Fishing with Maple Peas

Maple Peas
Along with Hemp seed, Maple Peas were one of the earlier particles baits used in fishing as a bait. Although not as fashionable these days Maple peas proved to be a very successful bait in the past (and still are). Maples are brown in colour, the size of a pea and can be used along with hemp and other particle baits as a great pulse bait for carp. They are also a good bait for other fish such as chub, tench and barbel. Even roach have been caught using maple peas. Maples are a relatively cheap fishing bait and can be bought from tackle shops, specialist bait companies, pet shops and animal feed and seed merchants.  Maple Peas can also be purchased in tins ready for use from specialist bait companies and some tackle shops.

Preparing Maple Peas for fishing.
Preparing your maple peas is quite a simple task really, but as with all particle baits, preparation must be complete, i.e. fully soaked.

Put the maple peas into a container, cover with water and leave to soak for 12 to 24 hours. Add sugar or a sweetener to the water. Flavours can be added if desired but because of their own distinctive smell I don’t consider this necessary. As the maple peas soak up the water and expand you may need to top up the water.
After soaking, tip the maple peas and water into a pan, bring to the boil and simmer for around 15 minutes.

Too long boiling or simmering and the maples can turn to mush.

After 5 or 10 minutes simmering, remove a pea and squash it between your thumb and finger to test it. The maple wants to be soft to firm (rubbery) so that it will stay on the hook.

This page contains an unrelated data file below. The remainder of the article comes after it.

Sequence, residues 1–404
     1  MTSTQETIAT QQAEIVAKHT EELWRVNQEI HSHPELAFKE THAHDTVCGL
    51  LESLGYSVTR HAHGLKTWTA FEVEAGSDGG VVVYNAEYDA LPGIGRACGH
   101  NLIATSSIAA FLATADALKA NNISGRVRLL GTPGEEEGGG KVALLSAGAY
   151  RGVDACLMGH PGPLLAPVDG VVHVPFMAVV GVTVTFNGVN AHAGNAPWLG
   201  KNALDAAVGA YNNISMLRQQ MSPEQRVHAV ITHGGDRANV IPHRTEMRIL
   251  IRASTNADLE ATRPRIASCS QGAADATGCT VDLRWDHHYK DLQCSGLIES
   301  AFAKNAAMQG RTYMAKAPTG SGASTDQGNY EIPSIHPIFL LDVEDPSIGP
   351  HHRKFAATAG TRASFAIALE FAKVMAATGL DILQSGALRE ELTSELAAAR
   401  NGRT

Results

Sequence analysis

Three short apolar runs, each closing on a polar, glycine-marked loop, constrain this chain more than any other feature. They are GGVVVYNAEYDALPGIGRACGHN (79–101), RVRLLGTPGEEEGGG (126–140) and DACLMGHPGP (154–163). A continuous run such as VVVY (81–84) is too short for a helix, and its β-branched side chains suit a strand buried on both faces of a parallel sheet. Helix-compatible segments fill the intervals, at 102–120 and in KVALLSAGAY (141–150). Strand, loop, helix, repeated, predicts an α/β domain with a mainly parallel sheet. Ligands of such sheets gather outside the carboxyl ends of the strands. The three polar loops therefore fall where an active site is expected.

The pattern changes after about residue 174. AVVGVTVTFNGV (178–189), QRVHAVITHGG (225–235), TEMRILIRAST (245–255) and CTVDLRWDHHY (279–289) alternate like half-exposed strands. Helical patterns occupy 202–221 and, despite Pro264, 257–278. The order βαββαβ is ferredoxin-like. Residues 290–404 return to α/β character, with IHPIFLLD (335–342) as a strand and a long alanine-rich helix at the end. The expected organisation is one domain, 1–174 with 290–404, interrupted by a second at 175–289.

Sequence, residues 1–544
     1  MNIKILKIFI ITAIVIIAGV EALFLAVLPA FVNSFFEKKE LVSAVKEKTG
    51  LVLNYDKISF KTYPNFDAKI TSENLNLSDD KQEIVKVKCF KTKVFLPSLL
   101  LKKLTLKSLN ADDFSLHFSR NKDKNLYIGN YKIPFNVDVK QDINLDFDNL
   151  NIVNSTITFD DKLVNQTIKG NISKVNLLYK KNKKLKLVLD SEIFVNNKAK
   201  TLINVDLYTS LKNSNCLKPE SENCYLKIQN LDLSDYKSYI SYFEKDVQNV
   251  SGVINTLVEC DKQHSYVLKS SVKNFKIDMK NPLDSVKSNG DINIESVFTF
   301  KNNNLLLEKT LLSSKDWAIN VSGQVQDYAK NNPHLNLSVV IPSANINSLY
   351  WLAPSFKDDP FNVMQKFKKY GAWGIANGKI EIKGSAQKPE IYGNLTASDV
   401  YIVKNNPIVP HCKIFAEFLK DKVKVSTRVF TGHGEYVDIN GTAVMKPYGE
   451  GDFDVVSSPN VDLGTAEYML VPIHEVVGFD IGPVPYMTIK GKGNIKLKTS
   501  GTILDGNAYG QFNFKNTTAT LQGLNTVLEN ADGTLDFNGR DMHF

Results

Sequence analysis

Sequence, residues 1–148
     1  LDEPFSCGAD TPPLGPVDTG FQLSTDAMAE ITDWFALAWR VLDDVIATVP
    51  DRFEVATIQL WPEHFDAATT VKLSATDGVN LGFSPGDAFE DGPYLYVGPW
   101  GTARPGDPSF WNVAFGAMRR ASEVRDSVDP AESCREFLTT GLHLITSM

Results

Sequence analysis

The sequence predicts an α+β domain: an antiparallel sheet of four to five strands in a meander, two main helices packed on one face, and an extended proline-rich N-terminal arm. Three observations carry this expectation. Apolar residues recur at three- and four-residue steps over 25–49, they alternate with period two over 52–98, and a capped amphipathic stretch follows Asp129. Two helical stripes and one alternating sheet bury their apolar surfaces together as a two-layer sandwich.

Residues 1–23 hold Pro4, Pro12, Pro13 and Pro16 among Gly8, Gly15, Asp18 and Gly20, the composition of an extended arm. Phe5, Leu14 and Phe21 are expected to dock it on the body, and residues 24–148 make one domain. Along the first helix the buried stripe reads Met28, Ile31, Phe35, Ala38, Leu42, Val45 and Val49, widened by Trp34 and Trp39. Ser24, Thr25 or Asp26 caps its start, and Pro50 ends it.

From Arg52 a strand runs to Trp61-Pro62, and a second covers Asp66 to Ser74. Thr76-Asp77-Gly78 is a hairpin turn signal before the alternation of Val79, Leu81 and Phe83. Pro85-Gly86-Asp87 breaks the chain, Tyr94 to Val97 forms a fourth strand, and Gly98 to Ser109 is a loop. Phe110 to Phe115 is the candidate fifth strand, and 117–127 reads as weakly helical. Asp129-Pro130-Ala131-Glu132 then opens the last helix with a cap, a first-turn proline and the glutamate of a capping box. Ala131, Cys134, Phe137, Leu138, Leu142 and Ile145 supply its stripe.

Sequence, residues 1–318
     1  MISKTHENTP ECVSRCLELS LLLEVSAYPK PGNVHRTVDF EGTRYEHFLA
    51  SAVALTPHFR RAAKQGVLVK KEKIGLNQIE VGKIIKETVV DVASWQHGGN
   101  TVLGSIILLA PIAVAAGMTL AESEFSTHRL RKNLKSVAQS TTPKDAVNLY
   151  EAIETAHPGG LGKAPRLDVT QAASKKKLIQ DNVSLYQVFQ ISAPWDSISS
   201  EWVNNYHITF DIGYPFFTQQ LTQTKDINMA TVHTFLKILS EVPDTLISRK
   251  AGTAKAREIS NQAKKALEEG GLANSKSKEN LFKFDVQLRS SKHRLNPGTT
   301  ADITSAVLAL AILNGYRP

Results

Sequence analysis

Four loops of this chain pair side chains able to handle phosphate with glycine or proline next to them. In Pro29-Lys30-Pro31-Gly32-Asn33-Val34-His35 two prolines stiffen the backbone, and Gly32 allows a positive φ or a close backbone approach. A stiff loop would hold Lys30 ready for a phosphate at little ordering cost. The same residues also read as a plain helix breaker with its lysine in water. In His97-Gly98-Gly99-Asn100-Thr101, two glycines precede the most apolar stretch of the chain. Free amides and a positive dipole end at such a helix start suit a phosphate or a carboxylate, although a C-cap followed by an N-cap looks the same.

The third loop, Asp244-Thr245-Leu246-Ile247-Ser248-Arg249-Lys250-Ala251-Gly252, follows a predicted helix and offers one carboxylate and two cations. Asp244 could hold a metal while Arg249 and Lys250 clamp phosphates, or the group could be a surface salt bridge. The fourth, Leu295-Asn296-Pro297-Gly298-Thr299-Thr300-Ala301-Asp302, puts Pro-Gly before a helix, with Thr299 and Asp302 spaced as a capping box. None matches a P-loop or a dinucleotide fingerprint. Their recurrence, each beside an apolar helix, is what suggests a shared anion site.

When you think they are ready, drain off the water, allow to cool and tip the peas into a bait tub if using within a day or so, or into bags for freezing.

Some anglers prefer to allow Maple Peas to ferment before using them. To do this tip the boiled maple peas into a tub and leave to stew for 2 or 3 days in which time the peas will ferment and become quite sticky and give off an attractive milky cloud and a unique smell that attracts the fish.

Fishing with Maple Peas.

Maple Peas can be used on most if not all waters. Some fisheries have banned all particle baits, due to the possibility of fish death through under soaking. Before using Maple Peas for fishing it’s worth checking with the owners if they are allowed.
Maple Peas can be used as a groundbait or hookbait. As a particle bait the maple pea can be fished singly or as a pair on a  hair rig. Using a size 14 to 10 hook push the point of the hook into and out through the side of the pea, leaving the point of the hook showing.  When fishing for carp, barbel etc three or four maple peas can be used on a size 8 or 10 hook. Many carp anglers hair rig the maple pea which, as with other hair rigged baits, leaves the hook bare allowing better hooking. Maple Peas are particularly good for baiting up your swim. How much you use depends on the water you are fishing

Feeding Maple Peas

Feeding maples peas can depend on the water you are fishing and what you are fishing for. If you are stillwater fishing for carp you could lay down a bed of maples peas and wait for the carp to come along to mop this up. When river fishing a handful every now and then could do the trick.